Founding St. Louis: First City of the New West

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Overview
The animal wealth of the western "wilderness" provided by talented "savages" encouraged French-Americans from Illinois, Canada and Louisiana to found a cosmopolitan center of international commerce that was a model of multicultural harmony. Historian J. Frederick Fausz offers a fresh interpretation of Saint Louis from 1764 to 1804, explaining how Pierre Lacl de, the early Chouteaus, Saint Ange de Bellerive and the Osage Indians established a "gateway" to an enlightened, alternative frontier of peace and prosperity before Lewis and Clark were even born. Historians, genealogists and general readers will appreciate the well-researched perspectives in this engaging story about a novel French West long ignored in American History.
Details
ISBN: 9781609490164
Format: Paperback
Publisher: The History Press
Date:
State: Missouri
Images: 65
Pages: 0
Dimensions: 6 (w) x 9 (h)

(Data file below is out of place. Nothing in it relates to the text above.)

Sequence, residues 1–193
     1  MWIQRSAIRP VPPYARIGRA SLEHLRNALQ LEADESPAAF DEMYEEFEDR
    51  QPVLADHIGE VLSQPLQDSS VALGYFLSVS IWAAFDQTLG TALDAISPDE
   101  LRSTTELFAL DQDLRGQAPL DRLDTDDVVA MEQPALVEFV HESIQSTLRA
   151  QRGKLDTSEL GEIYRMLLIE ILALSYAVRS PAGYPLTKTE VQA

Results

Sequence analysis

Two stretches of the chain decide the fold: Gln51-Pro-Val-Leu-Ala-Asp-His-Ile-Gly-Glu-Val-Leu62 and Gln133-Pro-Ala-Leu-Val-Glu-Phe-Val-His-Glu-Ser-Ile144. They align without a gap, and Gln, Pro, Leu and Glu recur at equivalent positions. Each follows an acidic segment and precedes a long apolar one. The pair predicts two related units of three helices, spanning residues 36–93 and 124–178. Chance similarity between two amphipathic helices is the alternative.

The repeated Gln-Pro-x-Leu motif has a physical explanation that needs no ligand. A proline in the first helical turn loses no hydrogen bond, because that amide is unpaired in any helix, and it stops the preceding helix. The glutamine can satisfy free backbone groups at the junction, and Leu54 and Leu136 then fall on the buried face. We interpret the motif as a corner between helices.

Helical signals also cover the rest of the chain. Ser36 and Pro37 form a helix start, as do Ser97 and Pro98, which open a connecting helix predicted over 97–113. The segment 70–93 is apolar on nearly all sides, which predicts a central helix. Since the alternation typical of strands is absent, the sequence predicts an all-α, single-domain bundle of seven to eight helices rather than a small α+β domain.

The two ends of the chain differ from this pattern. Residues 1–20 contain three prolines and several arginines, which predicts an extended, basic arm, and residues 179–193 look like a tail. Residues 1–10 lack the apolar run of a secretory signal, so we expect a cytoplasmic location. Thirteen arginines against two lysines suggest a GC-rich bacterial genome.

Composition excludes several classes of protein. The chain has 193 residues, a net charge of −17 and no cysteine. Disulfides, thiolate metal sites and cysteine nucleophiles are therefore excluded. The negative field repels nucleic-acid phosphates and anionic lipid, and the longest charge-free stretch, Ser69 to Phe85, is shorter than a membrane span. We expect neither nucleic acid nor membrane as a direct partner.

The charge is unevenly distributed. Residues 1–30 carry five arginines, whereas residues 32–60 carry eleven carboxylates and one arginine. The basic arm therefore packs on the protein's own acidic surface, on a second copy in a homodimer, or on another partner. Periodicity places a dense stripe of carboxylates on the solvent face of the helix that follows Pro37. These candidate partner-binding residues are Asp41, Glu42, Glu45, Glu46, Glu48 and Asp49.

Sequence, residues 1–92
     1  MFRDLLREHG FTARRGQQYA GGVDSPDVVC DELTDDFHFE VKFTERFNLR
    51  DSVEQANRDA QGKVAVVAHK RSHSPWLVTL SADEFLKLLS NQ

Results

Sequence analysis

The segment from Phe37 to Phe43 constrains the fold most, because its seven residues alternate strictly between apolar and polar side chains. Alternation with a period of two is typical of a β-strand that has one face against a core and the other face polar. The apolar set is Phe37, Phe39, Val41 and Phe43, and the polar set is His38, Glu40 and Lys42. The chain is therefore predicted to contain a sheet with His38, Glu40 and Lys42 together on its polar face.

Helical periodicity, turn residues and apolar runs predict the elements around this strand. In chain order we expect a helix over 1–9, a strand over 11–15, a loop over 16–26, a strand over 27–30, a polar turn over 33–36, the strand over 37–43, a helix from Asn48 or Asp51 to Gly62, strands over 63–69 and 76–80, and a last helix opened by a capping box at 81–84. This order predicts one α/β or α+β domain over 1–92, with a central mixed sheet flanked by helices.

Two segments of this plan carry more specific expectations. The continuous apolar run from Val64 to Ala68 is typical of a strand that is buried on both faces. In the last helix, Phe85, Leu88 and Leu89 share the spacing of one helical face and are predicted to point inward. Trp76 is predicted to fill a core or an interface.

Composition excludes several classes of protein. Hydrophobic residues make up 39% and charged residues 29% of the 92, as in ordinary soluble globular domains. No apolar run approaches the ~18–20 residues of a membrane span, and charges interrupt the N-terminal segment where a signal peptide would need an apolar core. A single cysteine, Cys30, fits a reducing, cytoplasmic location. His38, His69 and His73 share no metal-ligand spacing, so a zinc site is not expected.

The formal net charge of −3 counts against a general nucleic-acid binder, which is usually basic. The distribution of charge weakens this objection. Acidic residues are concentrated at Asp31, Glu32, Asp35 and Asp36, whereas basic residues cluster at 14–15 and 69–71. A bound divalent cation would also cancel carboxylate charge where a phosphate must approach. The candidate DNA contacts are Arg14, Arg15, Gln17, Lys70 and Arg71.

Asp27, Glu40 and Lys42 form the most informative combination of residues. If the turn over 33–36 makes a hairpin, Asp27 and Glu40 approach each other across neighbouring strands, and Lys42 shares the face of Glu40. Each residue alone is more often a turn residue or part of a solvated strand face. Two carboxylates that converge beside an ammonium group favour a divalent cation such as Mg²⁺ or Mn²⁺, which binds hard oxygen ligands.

Author
Fred Fausz is a history professor and former dean of the Pierre Laclede Honors College at the University of Missouri, St. Louis, specializing in the ethnohistory of Indian-European relations in colonial America. He received an AB degree in European history from Thomas More College in his native Kentucky; earned his PhD in early American history from the College of William and Mary, with Phi Beta Kappa honors; and was a fellow of the D'Arcy McNickle Center for the History of the American Indian at the Newberry Library, Chicago. Three of his many publications have won "best of the year" awards from historical societies in Missouri, Virginia and Maryland, and in May 2007, Time magazine cited his research on early Jamestown. Committed to sharing historical knowledge with the general public, he was a consultant on Kevin Costner's eight-hour Indian documentary, 500 Nations, and has exhibited his extensive collection of fur trade artifacts in major museums and at other sites in seven midwestern states. In 2006, he was the lead organizer and program chair for the Ninth North American Fur Trade Conference in St. Louis and received the 2007 Missouri Governor's Award in the Humanities for Enhancing Community Heritage.
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